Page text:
E. Belfort Bax


(May 1886)

Burmah, Commonweal, 8th May 1886, pp.44. ).
Transcribed by Ted Crawford.
Marked up by Einde O’Callaghan for the Marxists’ Internet Archive.

“The mill of the gods grinds slowly but it grinds exceeding, small,” says the old proverb. Unfortunately in some cases the grinding would seem to he very slow indeed. The British crime in Burmah has been followed by the first instalment of Nemesis in the shape of cholera. But, unhappily the form chosen by the goddess for her visitation does not affect those who profit by, and are responsible for, the cowardly plunder and invasion. What matters it that a few hundred soldiers rot on the banks of the Irawady? Are there not hundreds more at home to supply their places, and further hundreds of unemployed men who, though not now soldiers, would be ready at any time to join the army for the sake of bread? No truly, in our present society, there will never be a lack of mercenary troops – cholera or no cholera. But the annexation, nevertheless, has not been accomplished with the ease and comfort to the official and the taxpayer that were expected. The “dacoits” have turned out to be the whole population, and “dacoity” only another type for the patriotic impulse of a people “bravely struggling to be free” – free from the intolerable yoke of British place-hunters, swindlers and traders. Mandalay has been burnt, a patrol of five and twenty British defeated and slain – “massacred” of course in the current newspaper slang. (A British force is always “massacred,” and a native or “rebel” force “driven off with great loss,” according to the despatches.) Every honest Burmese heart burns with zeal to deliver his country from the ruffians in British uniform, whose conception, of “order” consists in the hanging and shooting of brave men who would snatch their country from the claws of that accursed civilisation that threatens it, whose instruments are Prendergasts and provost-marshals

No man who has even so much as the expiring embers of feeling for real heroism. left in him, can watch the unequal struggle now going on in Burmah and not be moved to pity. The struggle for justice and right is here as in all similar cases such a forlorn hope. The harpy had only too long been eyeing its prey. Already in 1880 Colonel Laurie could descant thus with brutal frankness on the desirability of completing the annexation of Burmese territory: “If we can get a controlling as well as a commercial power in a country we conquer ... annexation is unnecessary. If we cannot get these requisites to civilisation (to further which Destiny impels us forward) without annexation, then what remains to be done?” (Our Burmese Wars, p.417.) The answer is obvious from Colonel Laurie’s point of view. “Upper Burrnah” strikes him “most forcibly” as “just one of those countries” where, without an annexation “our obtaining any controlling or commercial power of a lasting, useful, and productive character, would be simply impossible.” The difficulty, he says, is increased by the fact that Pegu is already a British possession. The annexation being thus half accomplished, the rest must follow as a matter of course.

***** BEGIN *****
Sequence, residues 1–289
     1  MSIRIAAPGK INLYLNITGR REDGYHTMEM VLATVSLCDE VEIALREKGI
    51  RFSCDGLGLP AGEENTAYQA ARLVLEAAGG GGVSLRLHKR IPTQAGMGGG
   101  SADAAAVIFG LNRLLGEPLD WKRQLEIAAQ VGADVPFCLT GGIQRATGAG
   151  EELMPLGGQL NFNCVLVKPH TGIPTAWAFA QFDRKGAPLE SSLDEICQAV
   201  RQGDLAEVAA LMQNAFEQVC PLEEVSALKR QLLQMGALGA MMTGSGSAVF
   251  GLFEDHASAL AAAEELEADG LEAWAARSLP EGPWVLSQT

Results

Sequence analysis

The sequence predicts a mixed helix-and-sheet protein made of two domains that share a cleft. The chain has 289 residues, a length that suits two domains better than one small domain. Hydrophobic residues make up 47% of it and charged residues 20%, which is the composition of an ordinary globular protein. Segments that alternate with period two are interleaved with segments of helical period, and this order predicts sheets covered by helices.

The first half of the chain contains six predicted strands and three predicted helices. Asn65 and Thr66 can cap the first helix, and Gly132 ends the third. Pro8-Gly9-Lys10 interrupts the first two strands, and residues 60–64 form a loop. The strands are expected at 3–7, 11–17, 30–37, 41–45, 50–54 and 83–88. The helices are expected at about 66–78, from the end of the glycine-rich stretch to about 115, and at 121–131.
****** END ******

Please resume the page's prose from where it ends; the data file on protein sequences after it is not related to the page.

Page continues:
Thus it will be seen that the Burmese expedition was long in contemplation, and that the terrible pictures painted of King Theebaw by the British press were not without a very definite purpose. According to the latest accounts the property “looted” by the British troops is to be sold to defray the expenses of the expedition. This is interesting news. The sacredness of “private property,” so jealously respected in European warfare, it appears does not apply to Asiatics. British capitalists require Burmah as a market and a trade-route. Their governments lay in wait (after having previously prepared the public mind by imaginary and exaggerated horrors) for the first opportunity of pouncing upon it. The opportunity is rather long in coming;, so a bogus quarrel has to be concocted to keep up appearances. The country is invaded and its capital plundered. Not content to pay for his market himself, the so-honourable Briton seeks to realise the cost on the goods he has stolen. Such honesty is in commercial souls. The public opinion which sanctions this, be it remembered, is the same public opinion which as represented by its lackeys of the press, is so revolted at Irish dynamite outrages, at West End riots, and which can shed tears over the injustice of “confiscation,” when practised on landlords or capitalists nearer home.



Last updated on 26.3.2004